Characters: teen Riza and Roy
Word count: 289
Prompt: cornerofmadness, young Roy & Riza, just how were you raised
"The toilet roll," said Riza, "goes with the paper over the top, not round the back."
"Does it?" said Roy, folding his arms. "Who says? And who makes rules about toilet paper anyway, aren't there more important things in the world?"
"So it doesn't all bunch up against the wall," said Riza, with an air of lofty contempt. "Obviously."
"Nothing is more deceptive than an obvious fact," said Roy snootily.
"Also," Riza continued, "while we're improving your domestic manners: Father says to tell you that you're to help with the laundry, starting today."
"What?" said Roy. "Why did he tell you to say it? He's never made me do that stuff before."
"I don't know," said Riza. "Maybe he couldn't be bothered to say it twice." That sounded about right. "Come through to the scullery and I'll show you how to fold a shirt the proper way. I've seen how you do it, they just get creased like that. I can't believe your mother didn't teach you this."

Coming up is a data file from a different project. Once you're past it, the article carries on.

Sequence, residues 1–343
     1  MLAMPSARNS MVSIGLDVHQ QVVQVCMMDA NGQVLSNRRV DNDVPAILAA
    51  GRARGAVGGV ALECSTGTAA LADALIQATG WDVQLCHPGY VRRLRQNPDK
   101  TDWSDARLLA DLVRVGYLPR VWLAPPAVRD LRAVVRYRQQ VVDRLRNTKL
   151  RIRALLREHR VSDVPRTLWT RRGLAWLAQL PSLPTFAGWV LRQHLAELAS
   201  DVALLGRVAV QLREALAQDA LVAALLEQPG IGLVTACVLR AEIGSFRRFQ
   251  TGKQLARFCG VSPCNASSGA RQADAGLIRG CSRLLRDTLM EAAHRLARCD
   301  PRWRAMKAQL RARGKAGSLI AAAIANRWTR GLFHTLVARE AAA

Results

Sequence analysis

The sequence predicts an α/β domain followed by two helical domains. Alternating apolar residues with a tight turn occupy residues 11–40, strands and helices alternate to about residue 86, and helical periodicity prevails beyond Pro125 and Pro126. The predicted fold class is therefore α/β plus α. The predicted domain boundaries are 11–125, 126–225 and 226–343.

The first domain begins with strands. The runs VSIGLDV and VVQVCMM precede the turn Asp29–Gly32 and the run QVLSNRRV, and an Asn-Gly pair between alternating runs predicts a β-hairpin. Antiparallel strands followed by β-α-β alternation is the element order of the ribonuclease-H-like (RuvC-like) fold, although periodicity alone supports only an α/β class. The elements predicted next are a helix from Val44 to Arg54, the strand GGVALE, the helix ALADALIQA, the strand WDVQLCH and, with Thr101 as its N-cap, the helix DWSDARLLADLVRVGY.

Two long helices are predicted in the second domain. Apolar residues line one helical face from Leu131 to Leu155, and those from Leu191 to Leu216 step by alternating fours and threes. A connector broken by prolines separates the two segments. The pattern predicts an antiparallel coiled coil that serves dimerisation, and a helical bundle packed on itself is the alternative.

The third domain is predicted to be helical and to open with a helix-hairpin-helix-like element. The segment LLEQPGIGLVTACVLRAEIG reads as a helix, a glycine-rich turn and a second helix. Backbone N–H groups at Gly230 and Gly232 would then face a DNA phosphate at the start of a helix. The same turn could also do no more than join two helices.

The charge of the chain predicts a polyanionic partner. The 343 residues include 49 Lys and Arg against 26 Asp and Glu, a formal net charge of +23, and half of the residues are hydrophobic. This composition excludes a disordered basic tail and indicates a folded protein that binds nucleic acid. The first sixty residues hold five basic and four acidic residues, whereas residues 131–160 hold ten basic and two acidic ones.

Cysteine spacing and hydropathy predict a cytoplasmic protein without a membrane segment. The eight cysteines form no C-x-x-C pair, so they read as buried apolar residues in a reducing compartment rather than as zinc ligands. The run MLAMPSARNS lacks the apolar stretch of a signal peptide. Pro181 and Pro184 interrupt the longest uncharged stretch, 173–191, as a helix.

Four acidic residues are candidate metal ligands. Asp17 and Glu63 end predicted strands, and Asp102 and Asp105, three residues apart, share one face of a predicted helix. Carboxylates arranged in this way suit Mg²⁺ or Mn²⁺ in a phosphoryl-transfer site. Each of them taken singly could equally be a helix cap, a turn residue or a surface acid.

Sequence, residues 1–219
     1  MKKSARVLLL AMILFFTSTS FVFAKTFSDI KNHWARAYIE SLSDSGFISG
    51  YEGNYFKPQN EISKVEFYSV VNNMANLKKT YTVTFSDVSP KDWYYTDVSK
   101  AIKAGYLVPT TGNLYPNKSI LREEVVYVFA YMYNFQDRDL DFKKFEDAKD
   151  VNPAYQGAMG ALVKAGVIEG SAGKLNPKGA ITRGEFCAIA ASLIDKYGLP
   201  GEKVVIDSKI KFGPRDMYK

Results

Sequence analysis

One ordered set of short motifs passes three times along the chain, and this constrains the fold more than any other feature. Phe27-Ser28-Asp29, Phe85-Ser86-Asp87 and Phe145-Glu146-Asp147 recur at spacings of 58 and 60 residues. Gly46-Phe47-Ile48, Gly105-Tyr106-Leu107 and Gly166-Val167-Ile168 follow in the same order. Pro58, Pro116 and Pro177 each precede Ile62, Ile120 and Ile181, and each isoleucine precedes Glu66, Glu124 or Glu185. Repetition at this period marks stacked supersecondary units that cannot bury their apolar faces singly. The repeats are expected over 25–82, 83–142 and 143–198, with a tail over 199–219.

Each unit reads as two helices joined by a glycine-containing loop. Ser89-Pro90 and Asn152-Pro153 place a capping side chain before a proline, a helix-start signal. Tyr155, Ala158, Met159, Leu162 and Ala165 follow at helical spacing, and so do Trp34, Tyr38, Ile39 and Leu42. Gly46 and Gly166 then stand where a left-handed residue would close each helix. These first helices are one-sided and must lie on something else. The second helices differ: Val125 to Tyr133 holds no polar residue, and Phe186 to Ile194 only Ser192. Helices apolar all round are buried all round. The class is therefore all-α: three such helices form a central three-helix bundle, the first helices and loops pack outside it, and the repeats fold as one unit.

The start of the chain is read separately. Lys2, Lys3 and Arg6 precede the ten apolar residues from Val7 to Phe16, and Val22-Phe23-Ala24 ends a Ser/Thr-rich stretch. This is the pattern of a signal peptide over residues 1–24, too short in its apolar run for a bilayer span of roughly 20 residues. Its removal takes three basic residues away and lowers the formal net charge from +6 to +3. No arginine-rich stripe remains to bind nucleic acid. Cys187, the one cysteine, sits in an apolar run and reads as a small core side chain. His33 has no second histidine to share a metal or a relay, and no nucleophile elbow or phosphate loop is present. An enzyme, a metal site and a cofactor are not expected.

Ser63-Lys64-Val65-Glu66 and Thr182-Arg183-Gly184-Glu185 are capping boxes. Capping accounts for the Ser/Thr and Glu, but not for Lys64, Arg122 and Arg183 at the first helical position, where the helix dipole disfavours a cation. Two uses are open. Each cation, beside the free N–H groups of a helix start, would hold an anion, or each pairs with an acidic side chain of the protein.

Roy's mother's attitude to laundry was that you paid a guy to take it and drop it back clean the next day. Her attitude to cooking, cleaning and sewing were pretty similar. Roy felt already that his mother had the right idea about these things, but he had an inkling that this wouldn't go down well with a girl who'd been running an entire household by herself, on next to no money, since the age of five. So he just kept his mouth shut, tried to affect an insouciant look, and did what he was told.
It was only a decade later that he discovered that she'd made the whole thing up, just to see if he'd do it.